Genome Evolution

chromatin without histones and genes without stops

Eukaryotic nuclei define our difference from prokaryotes, and the use of histone proteins as DNA packing and genome regulation agents was a seminal invention. So profound was this innovation, that all eukaryotes continue to use it—all except dinoflagellates. We have shown that early in dinoflagellate evolution histones were largely abandoned and no longer play a role in bulk DNA packing. In its place, a new major nucleoprotein has been gained (DVNP), acquired from an algal virus. We are now studying genome architecture and management in this novel chomatin model, and the role and properties of DVNP. These studies are informing us of radical changes possible in nuclear organisation, and possible models for alternative chromatin systems that might be more broadly present in eukaryotes. 

Eukaryotes also possess genetic material in their mitochondria and plastids, relicts of the endosymbionts’ own genomes. The Waller lab is investigating evolutionary processes that continue to shape these organelle genomes also. In dinoflagellate mitochondria, again remarkable change is seen. Since diverging from their sister taxa Apicomplexa, these genomes have lost conventional translation start and stop signals, acquired a novel mRNA trans-splicing process, and the genomes have been massively amplified and become highly recombinatorial, despite encoding only three protein genes. Moreover, extensive RNA editing has been acquired in these mitochondria, and this process is even imposed upon recently gained dinoflagellate endosymbionts.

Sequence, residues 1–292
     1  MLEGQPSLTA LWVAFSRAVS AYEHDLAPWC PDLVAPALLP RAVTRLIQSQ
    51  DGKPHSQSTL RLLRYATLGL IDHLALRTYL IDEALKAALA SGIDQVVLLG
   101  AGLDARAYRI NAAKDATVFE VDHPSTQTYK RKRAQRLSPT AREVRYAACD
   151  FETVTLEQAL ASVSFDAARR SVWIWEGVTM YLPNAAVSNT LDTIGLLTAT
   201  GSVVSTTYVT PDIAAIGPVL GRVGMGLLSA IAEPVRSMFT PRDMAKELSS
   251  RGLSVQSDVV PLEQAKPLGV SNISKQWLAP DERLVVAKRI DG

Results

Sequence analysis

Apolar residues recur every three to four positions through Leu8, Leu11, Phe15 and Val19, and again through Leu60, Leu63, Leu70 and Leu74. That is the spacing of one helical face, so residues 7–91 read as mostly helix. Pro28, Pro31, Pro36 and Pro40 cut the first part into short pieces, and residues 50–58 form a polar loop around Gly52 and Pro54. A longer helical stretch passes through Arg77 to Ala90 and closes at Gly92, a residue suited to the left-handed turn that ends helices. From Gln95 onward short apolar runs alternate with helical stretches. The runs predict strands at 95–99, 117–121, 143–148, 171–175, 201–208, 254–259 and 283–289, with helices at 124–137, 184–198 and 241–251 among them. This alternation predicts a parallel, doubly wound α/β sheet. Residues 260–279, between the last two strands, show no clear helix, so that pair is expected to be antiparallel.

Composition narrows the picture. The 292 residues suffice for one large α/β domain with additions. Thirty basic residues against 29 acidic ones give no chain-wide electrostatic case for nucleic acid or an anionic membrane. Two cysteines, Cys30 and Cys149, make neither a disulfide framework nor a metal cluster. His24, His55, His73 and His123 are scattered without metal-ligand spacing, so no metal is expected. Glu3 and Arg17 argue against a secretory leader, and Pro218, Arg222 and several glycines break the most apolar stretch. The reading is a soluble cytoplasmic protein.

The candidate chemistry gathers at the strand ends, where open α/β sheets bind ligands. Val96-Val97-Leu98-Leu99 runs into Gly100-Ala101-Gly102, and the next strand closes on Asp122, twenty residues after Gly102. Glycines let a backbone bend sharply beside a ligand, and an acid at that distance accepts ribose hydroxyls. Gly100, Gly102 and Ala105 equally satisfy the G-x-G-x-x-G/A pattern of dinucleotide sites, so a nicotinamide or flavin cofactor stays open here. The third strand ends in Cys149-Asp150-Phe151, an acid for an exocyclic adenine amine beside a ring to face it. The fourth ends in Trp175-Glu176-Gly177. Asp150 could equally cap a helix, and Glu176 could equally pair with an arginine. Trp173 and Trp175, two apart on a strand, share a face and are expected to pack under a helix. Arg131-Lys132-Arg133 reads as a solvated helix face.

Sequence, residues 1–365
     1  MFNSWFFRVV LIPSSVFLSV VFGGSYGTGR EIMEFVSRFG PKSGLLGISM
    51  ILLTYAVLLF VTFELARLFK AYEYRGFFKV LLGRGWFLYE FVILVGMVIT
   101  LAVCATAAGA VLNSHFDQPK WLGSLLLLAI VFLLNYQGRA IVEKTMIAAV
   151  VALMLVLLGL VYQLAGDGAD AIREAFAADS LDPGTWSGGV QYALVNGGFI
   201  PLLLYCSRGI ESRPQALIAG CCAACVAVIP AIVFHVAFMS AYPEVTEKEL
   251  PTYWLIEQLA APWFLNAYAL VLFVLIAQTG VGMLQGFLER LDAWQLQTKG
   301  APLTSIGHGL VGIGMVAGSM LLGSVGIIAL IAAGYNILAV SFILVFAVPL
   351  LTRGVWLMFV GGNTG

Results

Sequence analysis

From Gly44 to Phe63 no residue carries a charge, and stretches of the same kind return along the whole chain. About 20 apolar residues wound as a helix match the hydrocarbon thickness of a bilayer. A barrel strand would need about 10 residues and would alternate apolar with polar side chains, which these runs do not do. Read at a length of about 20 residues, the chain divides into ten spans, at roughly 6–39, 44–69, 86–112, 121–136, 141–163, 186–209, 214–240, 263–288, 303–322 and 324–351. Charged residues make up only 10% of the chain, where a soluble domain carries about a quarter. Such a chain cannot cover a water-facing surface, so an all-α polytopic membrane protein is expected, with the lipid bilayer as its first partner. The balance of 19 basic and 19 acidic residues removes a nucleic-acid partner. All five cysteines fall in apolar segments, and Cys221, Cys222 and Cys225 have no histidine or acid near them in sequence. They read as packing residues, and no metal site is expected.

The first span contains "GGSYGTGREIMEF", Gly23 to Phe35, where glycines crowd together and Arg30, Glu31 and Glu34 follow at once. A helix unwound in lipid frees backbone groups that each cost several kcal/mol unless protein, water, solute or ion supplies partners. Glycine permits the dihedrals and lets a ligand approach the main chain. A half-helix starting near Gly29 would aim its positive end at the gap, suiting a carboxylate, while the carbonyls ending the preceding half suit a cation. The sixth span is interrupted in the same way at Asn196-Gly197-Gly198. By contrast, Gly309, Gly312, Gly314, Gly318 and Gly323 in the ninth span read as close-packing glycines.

Dinoflagellate Ornithocercus and a dinokaryon confocal optical section showing condensed chromosomes in blue.

Thin section of the permanently condensed, highly structured, chromosomes of the "dinokaryon"

 

Selected publications: 

  1. Jackson, C.J. et al (2013) A tertiary plastid gains RNA editing in its new host. Mol. Biol. Evol. 30(4):788-92
  2. Jackson, C.J. et al (2013) A widespread and unusual RNA trans-splicing type in dinoflagellate mitochondria. PLOS ONE 8(2): e56777 
  3. Gornik, S.G. et al (2012) Loss of nucleosomal DNA condensation coincides with appearance of a novel nuclear protein in dinoflagellates. Curr. Biol. 22(24): 2303-12 
  4. Jackson, C.J. et al (2012) The mitochondrial genome and transcriptome of the basal dinoflagellate Hematodinium sp.: character evolution within the highly derived mitochondrial genomes of dinoflagellates. Genome Biol. Evol. 4(1):59-72
  5. Burger, G. et al (2012) Unusual mitochondrial genomes and genes. In Organelle Genetics (ed Charles Bullerwell) Springer, New York, USA. pp 41-77
  6. Waller, R.F. et al (2009) Dinoflagellate mitochondrial genomes: stretching the rules of molecular biology. BioEssays 31(2):237-45 
  7. Jackson, C.J. et al (2007) Broad genomic and transcriptional analysis reveals a highly derived genome in dinoflagellate mitochondria. BMC Biology 5:4 

 

 

 

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